Flashcards in Chapter 21 Deck (42):
The amount of air inspired or expired during nl respiration
The amount of air contained in the lungs after nl expiration
The amount of air exhaled following maximal inspiration and forced expiration
The amount of air remaining in the lungs after maximal expiration
The volume of air exhaled in 1 second with a maximum expiratory effort
Criteria for operative risk for pulmonary resection
>40% predicted: little increased risk
30-40% predicted: increased risk of pulmonary complications
<30% predicted: prohibitive risk
Etiologies of hypoxemia
Presence of a new solitary nodule in a pt with smoking hx
Must be assumed to be a lung CA until proven otherwise
What is the most common cause of cancer-related death in men and women
____ of lung cancer is non-small cell lung CA
What percentages of NSCLC are resectable?
What is the cornerstone of therapy for stage I and stage II dz for NSCLC?
What has demonstrated a clear benefit in stage II and III dz for NSCLC?
Who are considered not to be operative candidates, particularly with contralateral positive nodes?
What are signs of inoperability in lung CA?
Bloody pleural effusion
What is the central purpose of respiration?
Deliver oxygen to erythrocytes and clear carbon dioxide
This enables the body's cells to undergo aerobic metabolism to efficiently produce ATP
What does gas exchange in respiration consist of?
The process by which atmospheric air travels to the alveoli
The site of gas exchange
Whereby blood passes through this interface
How is the pressure gradient required for air movement generated?
By the primary and accessory respiratory muscles
What is the upper airway composed of?
What is the conducting zone of the lung composed of?
The trachea and the first 16 generations of the airways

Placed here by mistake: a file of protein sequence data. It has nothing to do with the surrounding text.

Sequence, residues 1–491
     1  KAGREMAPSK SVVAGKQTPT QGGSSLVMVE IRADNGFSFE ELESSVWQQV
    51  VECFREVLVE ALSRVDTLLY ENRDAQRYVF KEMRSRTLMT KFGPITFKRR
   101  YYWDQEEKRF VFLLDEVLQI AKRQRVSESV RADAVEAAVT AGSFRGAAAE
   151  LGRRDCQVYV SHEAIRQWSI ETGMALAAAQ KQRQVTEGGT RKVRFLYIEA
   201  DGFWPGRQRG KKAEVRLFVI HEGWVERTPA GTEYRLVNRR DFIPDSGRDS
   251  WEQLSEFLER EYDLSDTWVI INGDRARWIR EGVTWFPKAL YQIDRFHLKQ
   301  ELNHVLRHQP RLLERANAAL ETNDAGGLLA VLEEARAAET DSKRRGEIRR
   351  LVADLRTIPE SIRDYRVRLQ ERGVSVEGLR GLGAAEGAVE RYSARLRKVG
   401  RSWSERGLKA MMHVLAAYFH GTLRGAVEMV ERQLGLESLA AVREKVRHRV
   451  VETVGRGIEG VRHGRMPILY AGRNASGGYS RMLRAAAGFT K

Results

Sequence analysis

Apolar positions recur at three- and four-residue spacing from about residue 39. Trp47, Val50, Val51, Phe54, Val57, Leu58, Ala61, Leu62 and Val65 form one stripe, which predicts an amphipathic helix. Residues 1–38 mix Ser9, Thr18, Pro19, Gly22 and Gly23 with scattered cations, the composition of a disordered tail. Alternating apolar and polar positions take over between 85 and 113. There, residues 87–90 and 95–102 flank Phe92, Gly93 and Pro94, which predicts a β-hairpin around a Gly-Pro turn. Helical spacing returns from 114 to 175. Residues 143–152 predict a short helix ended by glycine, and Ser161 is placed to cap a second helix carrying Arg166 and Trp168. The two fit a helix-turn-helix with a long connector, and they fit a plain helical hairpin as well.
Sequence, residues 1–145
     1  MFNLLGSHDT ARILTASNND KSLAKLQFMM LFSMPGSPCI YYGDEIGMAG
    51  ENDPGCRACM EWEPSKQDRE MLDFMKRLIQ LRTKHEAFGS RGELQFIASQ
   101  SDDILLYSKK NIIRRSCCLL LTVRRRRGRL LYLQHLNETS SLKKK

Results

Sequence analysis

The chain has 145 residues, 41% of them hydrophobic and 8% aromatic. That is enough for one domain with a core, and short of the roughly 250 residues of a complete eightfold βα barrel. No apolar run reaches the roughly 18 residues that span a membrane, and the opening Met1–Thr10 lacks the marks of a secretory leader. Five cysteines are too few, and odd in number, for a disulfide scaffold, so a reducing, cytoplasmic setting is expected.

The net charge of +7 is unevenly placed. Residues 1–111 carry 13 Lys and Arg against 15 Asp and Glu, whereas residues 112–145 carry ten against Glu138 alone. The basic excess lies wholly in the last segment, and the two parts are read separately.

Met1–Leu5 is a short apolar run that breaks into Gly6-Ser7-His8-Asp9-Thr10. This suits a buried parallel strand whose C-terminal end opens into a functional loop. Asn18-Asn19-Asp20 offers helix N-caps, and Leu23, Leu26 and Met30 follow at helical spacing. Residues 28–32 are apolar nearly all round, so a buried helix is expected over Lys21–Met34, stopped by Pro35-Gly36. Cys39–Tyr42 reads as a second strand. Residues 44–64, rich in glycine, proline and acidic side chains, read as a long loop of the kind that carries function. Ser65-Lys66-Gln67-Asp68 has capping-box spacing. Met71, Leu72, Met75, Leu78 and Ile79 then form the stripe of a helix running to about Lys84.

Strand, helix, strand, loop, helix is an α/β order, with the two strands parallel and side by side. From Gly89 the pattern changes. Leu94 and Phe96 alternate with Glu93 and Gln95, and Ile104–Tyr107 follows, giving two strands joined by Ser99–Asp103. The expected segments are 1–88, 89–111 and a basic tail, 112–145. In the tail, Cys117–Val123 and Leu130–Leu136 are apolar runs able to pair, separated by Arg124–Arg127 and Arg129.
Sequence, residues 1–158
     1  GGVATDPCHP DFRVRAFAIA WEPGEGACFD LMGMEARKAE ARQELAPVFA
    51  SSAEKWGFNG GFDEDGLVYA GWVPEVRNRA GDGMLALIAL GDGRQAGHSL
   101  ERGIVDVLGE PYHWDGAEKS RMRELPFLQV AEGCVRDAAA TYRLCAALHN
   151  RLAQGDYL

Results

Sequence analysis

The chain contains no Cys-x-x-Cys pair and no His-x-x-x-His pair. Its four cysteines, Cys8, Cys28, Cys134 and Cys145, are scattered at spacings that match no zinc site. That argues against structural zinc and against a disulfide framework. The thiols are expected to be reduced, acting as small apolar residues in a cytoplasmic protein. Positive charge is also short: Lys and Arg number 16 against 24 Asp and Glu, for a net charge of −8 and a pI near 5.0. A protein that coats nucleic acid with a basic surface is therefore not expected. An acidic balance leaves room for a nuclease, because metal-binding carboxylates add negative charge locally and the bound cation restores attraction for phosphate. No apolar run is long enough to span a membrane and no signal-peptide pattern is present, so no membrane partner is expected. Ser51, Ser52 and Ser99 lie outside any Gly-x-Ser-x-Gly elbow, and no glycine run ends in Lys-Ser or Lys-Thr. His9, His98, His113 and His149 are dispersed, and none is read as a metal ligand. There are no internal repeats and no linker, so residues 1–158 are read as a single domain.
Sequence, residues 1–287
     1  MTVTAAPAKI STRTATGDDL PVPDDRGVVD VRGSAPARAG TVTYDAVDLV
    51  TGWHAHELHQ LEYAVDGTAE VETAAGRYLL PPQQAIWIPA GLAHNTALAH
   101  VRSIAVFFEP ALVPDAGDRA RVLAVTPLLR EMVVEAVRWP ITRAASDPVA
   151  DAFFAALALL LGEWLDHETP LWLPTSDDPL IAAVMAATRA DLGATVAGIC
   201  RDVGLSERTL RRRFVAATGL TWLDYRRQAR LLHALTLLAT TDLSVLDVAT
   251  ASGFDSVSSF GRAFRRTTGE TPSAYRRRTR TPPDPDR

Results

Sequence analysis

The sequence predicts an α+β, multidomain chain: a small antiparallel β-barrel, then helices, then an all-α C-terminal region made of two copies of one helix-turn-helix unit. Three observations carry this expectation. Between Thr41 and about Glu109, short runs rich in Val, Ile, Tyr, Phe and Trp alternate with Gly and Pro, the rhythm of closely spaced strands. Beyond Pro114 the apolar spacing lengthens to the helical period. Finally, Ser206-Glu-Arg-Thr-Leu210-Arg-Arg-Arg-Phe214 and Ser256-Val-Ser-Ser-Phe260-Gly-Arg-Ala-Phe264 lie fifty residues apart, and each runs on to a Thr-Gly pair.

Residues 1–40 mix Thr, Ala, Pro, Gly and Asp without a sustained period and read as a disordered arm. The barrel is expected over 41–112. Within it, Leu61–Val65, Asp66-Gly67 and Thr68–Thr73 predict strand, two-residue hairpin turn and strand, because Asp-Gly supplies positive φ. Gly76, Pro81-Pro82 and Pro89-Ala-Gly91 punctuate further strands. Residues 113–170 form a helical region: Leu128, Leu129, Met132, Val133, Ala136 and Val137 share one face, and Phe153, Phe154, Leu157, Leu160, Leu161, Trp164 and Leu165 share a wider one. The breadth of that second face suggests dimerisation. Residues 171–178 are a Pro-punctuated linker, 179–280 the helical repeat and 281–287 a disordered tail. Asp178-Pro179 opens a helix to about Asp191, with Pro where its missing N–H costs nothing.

This zone is the anatomical dead space because there is an absence of alveoli
What comes after the conducting zone?
17th-19th generations: respiratory bronchioles (transition zone)
Generations 20-23- lined with alveolar ducts and sacs (respiratory zone)
Composition of conducting airways distal to the pharynx
Have cartilaginous walls with minimal smooth muscle
Lined with ciliated epithelium interspersed with mucus-secreting goblet cells
Smokers and pathology
Demonstrate abnormalities in both mucous production and ciliary motility that contribute to their difficulties with secretion clearance
A condition in which the bronchi are dilated and a loss of ciliary action occurs
Secretions pool and can become chronically infected, a situation that may be associated with hemoptysis
What is the transition zone composed of?
Membranous and terminal bronchioles
They do not contain cartilage and are innervated by the autonomic nervous system.
Histologic morphology of the respiratory zone
Contains 300 million alveoli
What is the critical component of the alveoli that is integral for movement?
The elastin that is embedded within the basal lamina in the alveolar septal interstitium
What are the two major types of alveolar epithelial cells?
Type I cells: the major lining cells, large, flat, squamous cells with cytoplasmic extensions and are primarily responsible for gas exchange
Type II cells: Granular pneumocyte that are thicker and are responsible for producing surfactant
Where are surfactant levels decreased?
Respiratory distress syndrome
How is ventilation achieved?
Achieved by air movement to and from the alveoli
Accomplished by a decrease in intrathoracic pressure relative to the atmosphere when the diaphragm contracts and the thoracic cavity expands
What occurs when large volumes of air are required?
The external intercostal muscles contract, which further expands the thoracic cavity
How is ventilation assessed?
By the measurement of the partial pressure of arterial carbon dioxide
What is the driving pressure for airflow through the entire system?
The difference between the alveolar pressure and pressure at the airway opening (atmospheric pressure)
What are the components of alveolar pressure?
Elastic recoil pressure and the pleural pressure
Clinically manifested as low oxygen tension in the arterial blood
Typically results from:
Causes of hypoventilation
Mechanical impairments of the chest wall
Paralysis of the respiratory muscles
What can cause arterial hypoxemia?
Any interstitial lung process such as collagen vascular dz, sarcoidosis, and idiopathic interstitial fibrosis
The fraction of blood that enters the systemic arterial system without passing through a ventilated portion of the lung